The Undersecretary of Prevention and Health Promotion, Hugo López-Gatell, said that "with 9 million doses that, given that it is a three-dose scheme, will be enough for 3 million girls and boys."
López-Gatell did not specify the date the doses will arrive or the contract amount. According to the official, the Abdala vaccine is part of the scheme contemplated to immunize 15.3 million children aged 5 to 11 years old.
This will also include Pfizer's nearly 8 million doses, almost 800 000 donated by South Korea and 10 million from WHO's Covax mechanism.
Avanza la vacunación contra #COVID19, particularmente entre la población infantil. Al 06 de septiembre la cobertura es de:
- 82% en personas de todas las edades. - 91% de 18 años y más. - 64% de 12 a 17 años. - 46% de 5 a 11 años. pic.twitter.com/IcojfJLJm2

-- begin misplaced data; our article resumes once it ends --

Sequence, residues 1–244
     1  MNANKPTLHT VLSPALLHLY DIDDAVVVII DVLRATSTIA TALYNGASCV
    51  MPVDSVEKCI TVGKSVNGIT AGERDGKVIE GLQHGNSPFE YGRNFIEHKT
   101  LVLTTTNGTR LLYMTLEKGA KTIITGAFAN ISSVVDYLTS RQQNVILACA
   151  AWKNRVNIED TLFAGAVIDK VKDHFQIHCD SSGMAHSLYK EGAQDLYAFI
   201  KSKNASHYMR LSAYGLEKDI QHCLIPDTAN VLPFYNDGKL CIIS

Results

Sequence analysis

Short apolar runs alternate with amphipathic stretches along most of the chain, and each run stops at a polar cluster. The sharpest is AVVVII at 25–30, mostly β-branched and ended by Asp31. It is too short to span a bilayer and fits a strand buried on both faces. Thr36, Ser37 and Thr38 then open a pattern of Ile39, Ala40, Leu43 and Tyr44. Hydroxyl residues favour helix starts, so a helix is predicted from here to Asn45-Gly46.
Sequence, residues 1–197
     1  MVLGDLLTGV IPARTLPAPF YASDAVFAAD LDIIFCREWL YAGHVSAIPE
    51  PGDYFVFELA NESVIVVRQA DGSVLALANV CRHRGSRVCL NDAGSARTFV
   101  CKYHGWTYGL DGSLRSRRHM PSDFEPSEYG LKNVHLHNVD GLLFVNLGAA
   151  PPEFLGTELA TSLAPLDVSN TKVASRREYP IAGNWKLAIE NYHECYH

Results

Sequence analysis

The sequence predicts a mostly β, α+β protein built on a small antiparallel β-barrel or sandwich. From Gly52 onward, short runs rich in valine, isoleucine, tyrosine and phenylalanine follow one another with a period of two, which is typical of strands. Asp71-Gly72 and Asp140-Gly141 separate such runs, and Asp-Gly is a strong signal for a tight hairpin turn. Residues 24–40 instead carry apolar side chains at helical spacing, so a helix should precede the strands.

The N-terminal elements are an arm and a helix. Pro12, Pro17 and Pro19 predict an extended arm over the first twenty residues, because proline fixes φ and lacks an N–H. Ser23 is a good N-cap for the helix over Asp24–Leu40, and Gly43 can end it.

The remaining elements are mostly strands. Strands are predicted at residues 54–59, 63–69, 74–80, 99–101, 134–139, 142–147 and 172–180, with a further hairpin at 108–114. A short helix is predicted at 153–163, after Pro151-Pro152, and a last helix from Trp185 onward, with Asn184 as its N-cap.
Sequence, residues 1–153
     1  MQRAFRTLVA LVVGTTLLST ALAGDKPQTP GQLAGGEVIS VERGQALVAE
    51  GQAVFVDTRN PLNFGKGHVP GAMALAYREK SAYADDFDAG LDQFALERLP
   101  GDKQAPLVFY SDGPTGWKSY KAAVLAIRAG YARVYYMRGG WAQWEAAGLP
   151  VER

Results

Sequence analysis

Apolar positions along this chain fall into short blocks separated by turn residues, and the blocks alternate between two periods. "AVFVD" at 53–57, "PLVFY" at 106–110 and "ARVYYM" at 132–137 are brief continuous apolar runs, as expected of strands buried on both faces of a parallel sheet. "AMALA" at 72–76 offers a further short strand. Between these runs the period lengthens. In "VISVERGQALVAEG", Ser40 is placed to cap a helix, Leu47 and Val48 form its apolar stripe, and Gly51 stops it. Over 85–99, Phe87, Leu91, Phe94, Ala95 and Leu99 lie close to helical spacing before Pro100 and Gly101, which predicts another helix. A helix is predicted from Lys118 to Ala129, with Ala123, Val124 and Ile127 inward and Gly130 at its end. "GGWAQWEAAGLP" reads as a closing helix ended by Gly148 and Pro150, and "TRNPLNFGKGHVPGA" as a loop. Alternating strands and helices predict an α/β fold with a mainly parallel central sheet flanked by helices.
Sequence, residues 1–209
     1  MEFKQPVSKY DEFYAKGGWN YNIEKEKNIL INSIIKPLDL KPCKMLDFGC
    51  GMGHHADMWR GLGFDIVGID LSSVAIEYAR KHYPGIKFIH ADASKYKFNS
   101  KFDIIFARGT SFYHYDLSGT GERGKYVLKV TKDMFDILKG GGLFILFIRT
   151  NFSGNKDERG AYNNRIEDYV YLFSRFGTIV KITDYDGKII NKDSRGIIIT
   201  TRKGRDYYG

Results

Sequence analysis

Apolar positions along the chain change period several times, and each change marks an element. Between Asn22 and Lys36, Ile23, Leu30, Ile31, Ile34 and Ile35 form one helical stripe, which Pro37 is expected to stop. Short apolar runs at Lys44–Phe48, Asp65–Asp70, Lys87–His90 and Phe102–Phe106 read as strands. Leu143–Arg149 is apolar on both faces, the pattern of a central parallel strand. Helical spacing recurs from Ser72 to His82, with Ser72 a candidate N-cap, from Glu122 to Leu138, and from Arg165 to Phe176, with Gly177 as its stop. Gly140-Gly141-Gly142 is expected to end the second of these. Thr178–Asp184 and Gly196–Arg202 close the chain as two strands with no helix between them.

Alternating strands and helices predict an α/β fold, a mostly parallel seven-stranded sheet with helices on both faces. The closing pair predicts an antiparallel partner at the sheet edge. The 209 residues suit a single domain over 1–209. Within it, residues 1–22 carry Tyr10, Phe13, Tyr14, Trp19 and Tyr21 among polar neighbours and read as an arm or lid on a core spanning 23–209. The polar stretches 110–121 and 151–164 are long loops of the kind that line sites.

Vaccination against #COVID19 , particularly among children. As of September 6, the coverage is:
- 82% in people of all ages. - 91% of 18 years and over. - 64% from 12 to 17 years old. - 46% from 5 to 11 years.
According to López-Gatell, in Mexico over 96.8 million people have received at least one dose, representing 82 percent of the total population.
The World Health Organization (WHO) has not yet endorsed the Cuban vaccine. Mexico was one of the first countries in the world to authorize its emergency use last December.
The Abdala vaccine was created and manufactured by the Center for Genetic Engineering and Biotechnology (CIGB). Approved by Cuba last year, it has demonstrated 92.28 percent efficacy in clinical trials, according to Cuban authorities, who indicated that the latest phase of tests involved 48 000 volunteers aged 19 to 80 years.